Guarding his thoughts, Aragorn turned away from the mirror to look at her. “Surely your people do not set special store in the coming of the heirs of Isildur.” No one in Gondor would have welcomed him thus, had he revealed the true name and lineage of Thorongil, the name he had taken as a captain of Gondor. Nor did he think his father would even have been permitted within the bounds of the Golden Wood, much less brought into the Lady’s presence. “There is some other purpose at work here.”
She was silent a moment, watching him as if weighing her handiwork. “Elrond sent you here with a gift,” she answered, nodding toward the crumpled heap of his clothing where the little package was stowed.
“I would have given it to you, Lady, without such ceremony,” he said.
Her small, secretive smile made him wonder. “The gift you bear is not for me. Has Elrond not told you that the lady Undómiel is here?”
Now he understood her purpose, though not the why or how of it, and suddenly the lightweight Elven silks and soft wool felt heavy upon him. Elrond had never been amicable to the idea that his daughter’s heart would turn toward a mortal, and spoke against such a union on the few occasions the subject arose. Aragorn certainly did not expect Galadriel to approve, much less welcome him into her realm knowing his desire to look again upon the beauty of Arwen Undómiel.
You might have taken the gift from me and given it to her without her ever knowing I was here, he thought. Surely that would have been your way, and his, to keep her hidden from me until I had lived out my mortal span.
“But that is not my way, Dúnadan,” she said, “to strive against what is already doomed to pass.”
He pursed his lips into a tight line. You are reading my thoughts.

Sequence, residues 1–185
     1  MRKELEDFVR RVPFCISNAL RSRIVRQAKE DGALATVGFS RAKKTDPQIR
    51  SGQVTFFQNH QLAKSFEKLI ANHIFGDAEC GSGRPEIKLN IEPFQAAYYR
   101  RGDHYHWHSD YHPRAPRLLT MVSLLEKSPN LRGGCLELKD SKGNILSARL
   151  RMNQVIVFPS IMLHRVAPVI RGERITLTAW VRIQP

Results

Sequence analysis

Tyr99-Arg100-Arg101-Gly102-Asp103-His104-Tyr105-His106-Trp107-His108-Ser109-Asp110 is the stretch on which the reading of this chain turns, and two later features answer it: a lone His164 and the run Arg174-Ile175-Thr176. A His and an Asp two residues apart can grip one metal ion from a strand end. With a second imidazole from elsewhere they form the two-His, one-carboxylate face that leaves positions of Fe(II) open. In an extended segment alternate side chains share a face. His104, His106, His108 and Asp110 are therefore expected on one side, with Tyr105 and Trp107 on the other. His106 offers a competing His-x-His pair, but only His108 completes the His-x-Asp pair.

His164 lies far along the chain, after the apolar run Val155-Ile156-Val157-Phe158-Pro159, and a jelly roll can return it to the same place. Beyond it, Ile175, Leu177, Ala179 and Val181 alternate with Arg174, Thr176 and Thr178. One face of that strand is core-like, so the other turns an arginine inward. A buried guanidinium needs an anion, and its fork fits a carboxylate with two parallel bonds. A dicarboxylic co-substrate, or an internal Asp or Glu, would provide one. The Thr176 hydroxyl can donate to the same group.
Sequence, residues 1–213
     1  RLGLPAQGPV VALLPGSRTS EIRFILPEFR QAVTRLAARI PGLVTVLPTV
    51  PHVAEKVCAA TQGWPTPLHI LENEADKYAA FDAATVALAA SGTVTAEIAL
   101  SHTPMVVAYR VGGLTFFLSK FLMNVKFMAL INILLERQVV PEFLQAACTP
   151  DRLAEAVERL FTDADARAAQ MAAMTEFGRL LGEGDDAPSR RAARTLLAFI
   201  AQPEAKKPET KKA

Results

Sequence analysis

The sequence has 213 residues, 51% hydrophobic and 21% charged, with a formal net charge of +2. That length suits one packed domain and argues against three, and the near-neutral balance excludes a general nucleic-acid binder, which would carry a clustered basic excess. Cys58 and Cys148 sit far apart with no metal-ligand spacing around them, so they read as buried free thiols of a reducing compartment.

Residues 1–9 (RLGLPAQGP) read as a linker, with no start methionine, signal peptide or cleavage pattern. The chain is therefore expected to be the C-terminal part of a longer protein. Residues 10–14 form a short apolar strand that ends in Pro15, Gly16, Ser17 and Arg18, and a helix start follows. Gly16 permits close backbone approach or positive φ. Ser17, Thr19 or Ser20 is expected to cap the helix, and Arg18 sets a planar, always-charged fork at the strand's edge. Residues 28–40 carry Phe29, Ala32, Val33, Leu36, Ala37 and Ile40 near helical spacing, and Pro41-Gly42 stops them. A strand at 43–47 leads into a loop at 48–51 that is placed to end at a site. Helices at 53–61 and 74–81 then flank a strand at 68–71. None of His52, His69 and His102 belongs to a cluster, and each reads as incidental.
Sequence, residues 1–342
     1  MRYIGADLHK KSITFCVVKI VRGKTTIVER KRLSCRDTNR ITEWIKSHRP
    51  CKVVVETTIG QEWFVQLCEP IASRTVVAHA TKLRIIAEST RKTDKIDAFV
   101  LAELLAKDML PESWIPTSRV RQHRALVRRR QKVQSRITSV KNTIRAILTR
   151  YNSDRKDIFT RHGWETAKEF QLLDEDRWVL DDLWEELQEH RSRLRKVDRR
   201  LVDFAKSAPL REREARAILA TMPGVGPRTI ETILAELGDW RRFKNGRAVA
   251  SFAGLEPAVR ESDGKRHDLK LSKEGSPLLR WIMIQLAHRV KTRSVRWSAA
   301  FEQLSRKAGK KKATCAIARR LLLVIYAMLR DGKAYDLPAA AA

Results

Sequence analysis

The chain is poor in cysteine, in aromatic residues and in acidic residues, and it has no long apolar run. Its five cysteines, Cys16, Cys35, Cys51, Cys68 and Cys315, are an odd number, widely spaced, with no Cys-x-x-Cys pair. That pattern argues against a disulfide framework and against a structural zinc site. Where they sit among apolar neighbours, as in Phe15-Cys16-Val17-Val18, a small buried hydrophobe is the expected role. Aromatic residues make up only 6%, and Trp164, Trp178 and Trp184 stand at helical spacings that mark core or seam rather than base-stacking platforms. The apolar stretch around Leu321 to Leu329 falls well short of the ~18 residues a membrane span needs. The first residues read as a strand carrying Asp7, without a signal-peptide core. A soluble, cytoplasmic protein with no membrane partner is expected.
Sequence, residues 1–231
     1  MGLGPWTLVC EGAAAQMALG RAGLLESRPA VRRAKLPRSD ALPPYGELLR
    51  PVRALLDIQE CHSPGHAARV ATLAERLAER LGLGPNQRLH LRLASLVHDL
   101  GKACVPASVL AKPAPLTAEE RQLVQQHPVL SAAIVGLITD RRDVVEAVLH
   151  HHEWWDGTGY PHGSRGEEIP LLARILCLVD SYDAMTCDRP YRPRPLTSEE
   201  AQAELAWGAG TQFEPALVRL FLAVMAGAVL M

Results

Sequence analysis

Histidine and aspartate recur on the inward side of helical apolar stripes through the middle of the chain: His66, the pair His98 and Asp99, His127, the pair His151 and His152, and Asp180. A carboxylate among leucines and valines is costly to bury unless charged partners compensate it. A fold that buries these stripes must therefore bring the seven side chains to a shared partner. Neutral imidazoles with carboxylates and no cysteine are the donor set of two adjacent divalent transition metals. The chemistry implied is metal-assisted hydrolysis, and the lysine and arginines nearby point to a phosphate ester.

“Your mind is clearly written upon your countenance, without any need to peer at what may lie beneath,” she explained. “She is near, with her maidens upon the hill of Cerin Amroth. Go, and take to her the gift you have brought.”
In the glimmering twilight of Caras Galadon, on a green hill carpeted with white niphredil and yellow elanor, he found her. Flowers of gold he bore in his arms, and Elrond’s gift in a pouch at his side.
Right away he knew her, and yet did not, for though the mortal years had not touched her since their meeting thirty years before, she was grave and the laughter gone from her eyes. She turned at the sight of him, a white-clad figure who came to her out of the dusk like an Elf-lord of Tol Eressëa; it was only when she peered more closely at him that she saw he was a mortal Man, one whom she had met on another twilit evening long ago.
At a word, Arwen’s maidens vanished into the trees, yet Aragorn sensed they were not far. Striding forward, he laid the golden blooms in her arms and smiled, and in his smile all the long years of wandering and care fell away from him and she knew him.
“Estel,” she said. “How do you come to be here?”
“Your father sent me, though I knew not that you were here until the Lady Galadriel told me,” he replied.